1. A nut for stringed instruments, comprising a sup porting rod, means at the ends of said supporting rod for securing the supporting rod on the instrument, a plurality of substantially short tubular nut elements rotatably mounted on said supporting rod, each nut element having an eccentrically formed groove for supporting a string of the instrument in adjusted relation with respect to the adjacent string of the instrument, and means for securing the individual nut elements in their positions of adjustment.

2. A nut for a stringed instrument such as a steel guitar, comprising a supporting rod, means at the ends of said supporting rod for securing said rod to the instrument, a plurality of substantially short nut elements mounted for rotary adjustment on said supporting rod, the ends of the adjacent tubular nut elements contacting, and said nut elements having eccentric grooves in the peripheries thereof for supporting the strings of the instrument in adjusted relation with respect to each other, and means for securing the individual nut elements in their positions of adjustment.

3. A nut for stringed instruments comprising a supporting rod, bearings in which the ends of said rod are secured, a plurality of individual tubular nut elements mounted on said supporting rod, the adjacent ends of said nut elements contacting in providing a continuous nut, said nut elements having eccentically formed grooves v in the peripheries thereof, the grooves being formed adja- References Cited in the file of this patent UNITED STATES PATENTS 1,599,184 Polihronis Sept. 7, 1926 2,191,776 Schreiber Feb. 27, 1940 2,918,837 Webster Dec. 29, 1959

Patent Citations
Cited PatentFiling datePublication dateApplicantTitle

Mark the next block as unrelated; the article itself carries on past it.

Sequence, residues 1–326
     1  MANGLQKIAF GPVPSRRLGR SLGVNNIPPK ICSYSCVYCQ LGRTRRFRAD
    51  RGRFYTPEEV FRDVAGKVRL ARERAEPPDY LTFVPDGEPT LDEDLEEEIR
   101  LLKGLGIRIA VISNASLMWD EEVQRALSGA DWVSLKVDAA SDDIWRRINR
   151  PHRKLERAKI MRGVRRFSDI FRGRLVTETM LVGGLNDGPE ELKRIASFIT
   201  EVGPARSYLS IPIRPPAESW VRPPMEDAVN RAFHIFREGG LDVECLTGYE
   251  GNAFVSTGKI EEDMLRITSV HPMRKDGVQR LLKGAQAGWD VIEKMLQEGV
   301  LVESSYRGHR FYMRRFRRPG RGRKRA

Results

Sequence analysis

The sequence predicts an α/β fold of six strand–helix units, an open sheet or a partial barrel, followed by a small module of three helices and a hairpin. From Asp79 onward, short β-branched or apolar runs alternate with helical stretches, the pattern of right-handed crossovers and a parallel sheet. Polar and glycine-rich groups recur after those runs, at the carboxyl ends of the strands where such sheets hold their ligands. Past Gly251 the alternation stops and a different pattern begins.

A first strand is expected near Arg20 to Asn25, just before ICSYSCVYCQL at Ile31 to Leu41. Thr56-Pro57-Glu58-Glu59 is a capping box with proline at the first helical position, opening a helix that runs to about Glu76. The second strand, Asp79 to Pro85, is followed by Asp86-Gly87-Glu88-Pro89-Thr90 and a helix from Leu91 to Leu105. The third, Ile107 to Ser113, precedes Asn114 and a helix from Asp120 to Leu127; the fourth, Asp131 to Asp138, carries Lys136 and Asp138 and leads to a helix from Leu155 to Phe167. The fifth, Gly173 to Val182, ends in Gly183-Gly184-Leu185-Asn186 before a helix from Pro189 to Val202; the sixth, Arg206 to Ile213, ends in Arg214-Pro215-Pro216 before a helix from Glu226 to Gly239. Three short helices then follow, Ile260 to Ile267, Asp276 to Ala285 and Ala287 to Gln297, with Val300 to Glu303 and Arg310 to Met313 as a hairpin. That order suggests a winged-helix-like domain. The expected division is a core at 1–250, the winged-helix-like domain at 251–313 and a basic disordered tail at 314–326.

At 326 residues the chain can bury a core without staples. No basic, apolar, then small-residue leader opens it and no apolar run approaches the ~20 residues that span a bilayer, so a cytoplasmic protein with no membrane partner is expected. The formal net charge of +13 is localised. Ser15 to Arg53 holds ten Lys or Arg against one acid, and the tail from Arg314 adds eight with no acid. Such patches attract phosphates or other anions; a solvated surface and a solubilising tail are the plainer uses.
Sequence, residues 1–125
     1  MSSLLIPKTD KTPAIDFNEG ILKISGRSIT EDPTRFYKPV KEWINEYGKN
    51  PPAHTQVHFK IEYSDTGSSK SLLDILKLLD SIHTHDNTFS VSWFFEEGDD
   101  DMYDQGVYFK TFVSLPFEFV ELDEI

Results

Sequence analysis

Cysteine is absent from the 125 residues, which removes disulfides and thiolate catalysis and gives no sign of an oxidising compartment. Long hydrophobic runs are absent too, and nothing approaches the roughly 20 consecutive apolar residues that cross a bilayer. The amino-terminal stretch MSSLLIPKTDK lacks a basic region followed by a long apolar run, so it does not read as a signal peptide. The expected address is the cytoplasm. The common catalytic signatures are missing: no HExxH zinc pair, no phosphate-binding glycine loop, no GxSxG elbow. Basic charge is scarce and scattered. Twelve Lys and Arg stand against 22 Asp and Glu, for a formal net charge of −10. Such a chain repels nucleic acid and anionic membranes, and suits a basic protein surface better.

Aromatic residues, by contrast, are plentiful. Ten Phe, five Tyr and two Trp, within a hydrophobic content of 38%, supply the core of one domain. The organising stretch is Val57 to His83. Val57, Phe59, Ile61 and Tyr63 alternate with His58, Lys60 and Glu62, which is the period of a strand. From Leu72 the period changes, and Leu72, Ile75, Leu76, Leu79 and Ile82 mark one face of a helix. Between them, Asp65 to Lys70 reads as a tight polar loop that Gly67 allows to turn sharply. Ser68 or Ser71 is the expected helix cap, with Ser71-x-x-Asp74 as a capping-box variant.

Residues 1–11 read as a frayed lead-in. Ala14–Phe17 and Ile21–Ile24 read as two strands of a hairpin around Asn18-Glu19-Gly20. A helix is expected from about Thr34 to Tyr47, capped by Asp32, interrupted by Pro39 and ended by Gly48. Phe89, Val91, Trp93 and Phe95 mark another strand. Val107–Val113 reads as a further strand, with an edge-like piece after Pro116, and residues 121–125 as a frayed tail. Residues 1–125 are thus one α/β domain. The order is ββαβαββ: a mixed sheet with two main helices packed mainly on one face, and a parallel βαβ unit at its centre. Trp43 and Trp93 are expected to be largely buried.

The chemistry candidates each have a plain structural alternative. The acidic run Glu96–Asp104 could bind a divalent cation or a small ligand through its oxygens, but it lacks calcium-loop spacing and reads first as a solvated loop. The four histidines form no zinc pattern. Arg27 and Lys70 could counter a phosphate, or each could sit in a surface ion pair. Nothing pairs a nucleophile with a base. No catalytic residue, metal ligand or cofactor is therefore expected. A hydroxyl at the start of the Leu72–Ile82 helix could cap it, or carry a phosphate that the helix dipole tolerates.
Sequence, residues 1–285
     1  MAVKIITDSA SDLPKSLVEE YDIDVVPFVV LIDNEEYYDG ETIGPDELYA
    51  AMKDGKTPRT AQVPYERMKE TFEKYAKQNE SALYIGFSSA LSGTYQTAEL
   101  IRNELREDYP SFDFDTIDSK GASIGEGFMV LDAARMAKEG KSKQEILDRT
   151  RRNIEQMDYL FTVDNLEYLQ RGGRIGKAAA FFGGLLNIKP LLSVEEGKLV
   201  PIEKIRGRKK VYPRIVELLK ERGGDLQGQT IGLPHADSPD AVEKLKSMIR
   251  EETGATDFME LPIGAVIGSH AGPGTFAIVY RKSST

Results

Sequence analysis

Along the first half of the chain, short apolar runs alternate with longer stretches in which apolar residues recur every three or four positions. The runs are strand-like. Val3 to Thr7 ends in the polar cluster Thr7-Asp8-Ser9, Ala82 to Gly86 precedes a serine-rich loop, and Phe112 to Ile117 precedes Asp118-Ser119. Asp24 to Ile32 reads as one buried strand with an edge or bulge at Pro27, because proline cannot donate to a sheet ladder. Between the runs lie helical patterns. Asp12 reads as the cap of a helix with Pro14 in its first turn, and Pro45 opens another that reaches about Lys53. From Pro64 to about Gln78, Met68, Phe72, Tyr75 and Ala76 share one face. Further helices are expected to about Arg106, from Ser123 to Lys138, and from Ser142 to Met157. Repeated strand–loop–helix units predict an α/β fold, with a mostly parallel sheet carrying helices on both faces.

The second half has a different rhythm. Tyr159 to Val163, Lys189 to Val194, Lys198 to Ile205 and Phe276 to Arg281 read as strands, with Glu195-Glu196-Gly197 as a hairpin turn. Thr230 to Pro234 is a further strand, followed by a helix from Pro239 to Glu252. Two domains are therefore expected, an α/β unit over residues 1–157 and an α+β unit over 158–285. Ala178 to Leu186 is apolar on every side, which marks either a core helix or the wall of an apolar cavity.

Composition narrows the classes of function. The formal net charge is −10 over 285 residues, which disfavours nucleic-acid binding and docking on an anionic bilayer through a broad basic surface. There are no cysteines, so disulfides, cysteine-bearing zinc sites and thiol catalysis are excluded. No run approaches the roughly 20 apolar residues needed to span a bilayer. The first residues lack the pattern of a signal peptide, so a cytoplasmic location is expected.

US1599184 *Sep 7, 1922Sep 7, 1926Jim Polychronis WilliamNut for musical instruments
US2191776 *Jan 12, 1939Feb 27, 1940Schreiber Elmer ANut for stringed musical instruments
US2918837 *Nov 8, 1957Dec 29, 1959Webster James DBridge for stringed musical instruments having means for adjusting the spacing of the strings
Referenced by
Citing PatentFiling datePublication dateApplicantTitle
US3429214 *Jun 2, 1966Feb 25, 1969Micro Frets CorpNut-mount for fingerboards
US4064780 *Aug 18, 1975Dec 27, 1977Andrew BondStringed instruments
US5260504 *Jul 6, 1992Nov 9, 1993Turner William TString support for stringed instrument
US6433264 *Nov 25, 1998Aug 13, 2002Ernie Ball, Inc.Compensated nut for a stringed instrument
US8153873 *May 27, 2010Apr 10, 2012Gregory Scott DeckerIntonated nut with locking mechanism for musical instruments and methods of use
US8294012Sep 17, 2010Oct 23, 2012Walter Neil GarrickMethod and apparatus for adjusting nut of stringed instrument
US8354578Mar 9, 2012Jan 15, 2013Gregory Scott DeckerIntonated nut with locking mechanism for musical instruments and methods of use
US20040040432 *Feb 14, 2003Mar 4, 2004Erickson Gary DIntonation method and apparatus for stringed musical instrument
US20100236376 *May 27, 2010Sep 23, 2010Decker Gregory SIntonated nut with locking mechanism for musical instruments and methods of use
USRE36484 *Nov 8, 1995Jan 11, 2000Intertune, Inc.String support for stringed instrument
Classifications
U.S. Classification84/314.00N, 84/297.00R
International ClassificationG10D3/04
Cooperative ClassificationG10D3/04
European ClassificationG10D3/04